an "upside down" harmonic potential), and two gravitational wells centered on
the massive bodies. Points where the effective potential falls within a
specified range share a common color,
and the scale factor is adjusted to place the Trojan site near a color
boundary. Such plots usually use linear or logarithmic scales, but here an
inverse scale is used to give suitable numbers and widths
of the color bands (this produces color bands of constant width near
a massive body).
The plot is centred on the centre of mass of the system, with the more
massive body (*M*) on the left and the less massive body (*m*)
a distance *d* to its right. The fist two screen images show orbits starting from
near a Trojan site for *M/m* ratios of 19 and 29.

The most prominent features of the potential plots are the red regions
surrounding the Trojan sites. As the red regions are the crests of hills,
it is not obvious that a Trojan orbit can be stable. As the mass ratio
changes, the shape of a crest changes, but it remains a crest.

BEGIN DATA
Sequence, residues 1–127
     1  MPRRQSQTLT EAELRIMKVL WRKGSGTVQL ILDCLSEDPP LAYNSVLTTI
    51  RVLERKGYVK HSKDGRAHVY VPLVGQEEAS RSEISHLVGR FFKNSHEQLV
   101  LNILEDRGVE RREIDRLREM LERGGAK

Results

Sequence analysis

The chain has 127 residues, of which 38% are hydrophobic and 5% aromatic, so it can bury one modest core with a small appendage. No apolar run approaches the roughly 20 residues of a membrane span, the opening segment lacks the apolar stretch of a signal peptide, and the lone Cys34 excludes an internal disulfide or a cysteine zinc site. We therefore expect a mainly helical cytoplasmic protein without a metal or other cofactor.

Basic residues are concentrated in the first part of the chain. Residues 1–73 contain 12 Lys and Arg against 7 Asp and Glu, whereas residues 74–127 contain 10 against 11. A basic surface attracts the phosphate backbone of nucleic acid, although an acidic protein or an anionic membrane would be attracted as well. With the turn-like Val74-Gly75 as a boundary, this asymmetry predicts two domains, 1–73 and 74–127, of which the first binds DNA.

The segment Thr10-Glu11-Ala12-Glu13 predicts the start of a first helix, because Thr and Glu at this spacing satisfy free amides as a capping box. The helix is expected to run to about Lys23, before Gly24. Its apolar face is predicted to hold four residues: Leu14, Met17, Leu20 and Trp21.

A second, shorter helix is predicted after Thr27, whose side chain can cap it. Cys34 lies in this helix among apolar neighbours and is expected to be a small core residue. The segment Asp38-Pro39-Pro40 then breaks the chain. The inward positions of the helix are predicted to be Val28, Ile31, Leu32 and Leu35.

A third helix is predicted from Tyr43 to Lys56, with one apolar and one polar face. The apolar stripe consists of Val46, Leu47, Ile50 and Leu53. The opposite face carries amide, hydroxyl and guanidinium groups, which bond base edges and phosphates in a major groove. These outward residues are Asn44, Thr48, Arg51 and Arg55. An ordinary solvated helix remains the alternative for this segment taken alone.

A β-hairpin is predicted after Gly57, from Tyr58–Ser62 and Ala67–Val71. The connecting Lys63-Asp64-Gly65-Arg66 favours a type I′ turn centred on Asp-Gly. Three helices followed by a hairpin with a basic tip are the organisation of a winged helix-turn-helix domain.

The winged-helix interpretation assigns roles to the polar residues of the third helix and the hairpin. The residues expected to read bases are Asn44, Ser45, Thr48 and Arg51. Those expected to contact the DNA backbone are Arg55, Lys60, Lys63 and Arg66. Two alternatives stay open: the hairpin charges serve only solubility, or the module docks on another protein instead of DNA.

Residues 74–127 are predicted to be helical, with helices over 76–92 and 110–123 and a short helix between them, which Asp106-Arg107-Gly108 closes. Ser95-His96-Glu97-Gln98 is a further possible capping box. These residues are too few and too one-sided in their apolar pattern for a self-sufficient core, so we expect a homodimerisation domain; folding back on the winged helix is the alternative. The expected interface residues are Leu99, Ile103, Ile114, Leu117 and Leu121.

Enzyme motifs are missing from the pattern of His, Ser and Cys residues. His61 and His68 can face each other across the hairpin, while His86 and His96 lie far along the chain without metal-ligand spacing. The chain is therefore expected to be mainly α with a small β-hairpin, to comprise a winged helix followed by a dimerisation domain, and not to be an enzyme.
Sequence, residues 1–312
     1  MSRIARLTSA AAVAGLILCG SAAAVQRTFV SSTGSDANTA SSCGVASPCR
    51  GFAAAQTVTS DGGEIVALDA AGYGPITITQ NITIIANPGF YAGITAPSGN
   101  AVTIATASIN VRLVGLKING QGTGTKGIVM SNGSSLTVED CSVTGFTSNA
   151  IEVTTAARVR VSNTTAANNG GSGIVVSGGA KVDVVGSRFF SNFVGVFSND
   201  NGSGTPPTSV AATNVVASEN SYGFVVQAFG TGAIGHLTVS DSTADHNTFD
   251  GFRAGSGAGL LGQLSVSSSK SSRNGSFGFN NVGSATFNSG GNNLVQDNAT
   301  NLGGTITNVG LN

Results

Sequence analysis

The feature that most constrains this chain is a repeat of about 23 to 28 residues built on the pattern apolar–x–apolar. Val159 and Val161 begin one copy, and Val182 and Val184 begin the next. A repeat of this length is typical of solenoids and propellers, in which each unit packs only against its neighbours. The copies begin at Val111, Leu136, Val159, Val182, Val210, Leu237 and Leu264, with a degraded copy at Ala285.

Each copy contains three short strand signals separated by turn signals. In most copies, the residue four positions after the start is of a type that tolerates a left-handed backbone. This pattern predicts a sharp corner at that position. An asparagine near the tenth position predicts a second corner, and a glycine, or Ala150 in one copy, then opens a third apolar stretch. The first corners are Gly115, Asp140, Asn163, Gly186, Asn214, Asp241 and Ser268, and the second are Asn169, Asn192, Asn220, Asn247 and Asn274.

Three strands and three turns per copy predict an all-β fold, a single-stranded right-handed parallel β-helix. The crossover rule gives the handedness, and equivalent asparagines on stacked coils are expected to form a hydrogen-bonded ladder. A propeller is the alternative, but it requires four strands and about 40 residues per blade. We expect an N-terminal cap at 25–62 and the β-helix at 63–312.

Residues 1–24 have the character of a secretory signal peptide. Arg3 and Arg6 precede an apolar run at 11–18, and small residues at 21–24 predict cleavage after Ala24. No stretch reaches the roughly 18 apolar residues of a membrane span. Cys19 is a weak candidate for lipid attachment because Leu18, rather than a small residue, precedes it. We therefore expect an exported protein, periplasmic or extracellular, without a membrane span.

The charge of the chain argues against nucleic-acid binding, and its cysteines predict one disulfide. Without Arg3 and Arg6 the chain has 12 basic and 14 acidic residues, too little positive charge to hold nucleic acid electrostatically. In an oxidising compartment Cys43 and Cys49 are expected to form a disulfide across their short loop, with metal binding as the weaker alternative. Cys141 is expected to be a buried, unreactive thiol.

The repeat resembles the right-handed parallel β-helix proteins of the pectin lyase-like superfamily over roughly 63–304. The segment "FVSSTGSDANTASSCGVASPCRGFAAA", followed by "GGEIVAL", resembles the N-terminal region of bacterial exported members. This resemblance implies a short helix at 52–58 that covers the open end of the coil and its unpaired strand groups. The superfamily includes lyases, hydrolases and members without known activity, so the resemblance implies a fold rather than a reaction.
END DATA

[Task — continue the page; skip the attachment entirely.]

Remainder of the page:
It can be shown analytically that orbits for
*M/m* greater than 25 are stable, but the calculation requires more than
the trigonometry needed to find the equilateral triangle. The numerical study
of stability, on the other hand, requires only the Feynman algorithm for
velocity-dependent forces (such as the Coriolis force). Each plot shows the
path taken by the asteroid when it is released from
rest (in the rotating frame) with a *y*-displacement of *d*/400
(about 1/3 of a pixel) from the equilibrium site. This displacement puts the
asteroid on the far side of the hill from the centre
of mass, and initially it moves outward as we would expect. As soon as it
acquires a significant velocity, the Coriolis force deflects it to the right
(in a frame rotating counterclockwise). What happens then depends on the
mass ratio. For low mass ratios it spirals outward. For intermediate mass
ratios it traces out loops close to the Trojan site. At higher mass ratios
the potential crest becomes an elongated ridge, and the orbit bumps its way
around it.

On 9 Nov 2002 my car radio informed me that an asteroid the size of a football field had recently been found to share the earth's orbit. In a frame rotating with the earth, it was said to have a horseshoe-shaped orbit. As I drove along, I visualized the crest I had already plotted for Jupiter turning into a ridge that circles the sun, and the asteroid bouncing along the crest in a horseshoe orbit until it turns at a low point near the earth. That evening I extended the Trojan applet to include the sun/earth mass ratio, and found the horseshoe orbit plotted here. It has a period of 160 years.